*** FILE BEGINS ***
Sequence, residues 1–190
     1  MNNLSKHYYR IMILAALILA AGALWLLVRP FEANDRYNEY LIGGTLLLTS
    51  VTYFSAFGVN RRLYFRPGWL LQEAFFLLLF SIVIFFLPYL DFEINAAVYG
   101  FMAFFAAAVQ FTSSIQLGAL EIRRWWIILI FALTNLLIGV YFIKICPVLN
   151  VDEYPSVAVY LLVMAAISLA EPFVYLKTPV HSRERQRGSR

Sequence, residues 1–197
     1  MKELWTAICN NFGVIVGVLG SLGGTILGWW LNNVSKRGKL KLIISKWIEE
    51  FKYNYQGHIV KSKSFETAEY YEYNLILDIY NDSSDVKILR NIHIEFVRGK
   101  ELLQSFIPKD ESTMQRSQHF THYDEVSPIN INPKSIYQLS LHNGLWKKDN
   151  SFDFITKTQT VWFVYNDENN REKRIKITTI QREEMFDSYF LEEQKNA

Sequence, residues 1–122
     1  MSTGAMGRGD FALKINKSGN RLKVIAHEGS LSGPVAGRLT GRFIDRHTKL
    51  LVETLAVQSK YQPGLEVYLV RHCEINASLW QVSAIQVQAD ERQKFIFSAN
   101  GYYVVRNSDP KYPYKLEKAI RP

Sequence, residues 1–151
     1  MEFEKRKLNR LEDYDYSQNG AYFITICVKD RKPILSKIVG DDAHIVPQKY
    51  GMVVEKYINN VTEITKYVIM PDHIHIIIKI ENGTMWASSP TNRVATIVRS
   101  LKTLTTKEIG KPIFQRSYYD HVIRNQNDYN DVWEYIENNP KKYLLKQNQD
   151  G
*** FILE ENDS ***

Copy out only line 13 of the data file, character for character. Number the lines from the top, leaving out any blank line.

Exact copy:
    51  LVETLAVQSK YQPGLEVYLV RHCEINASLW QVSAIQVQAD ERQKFIFSAN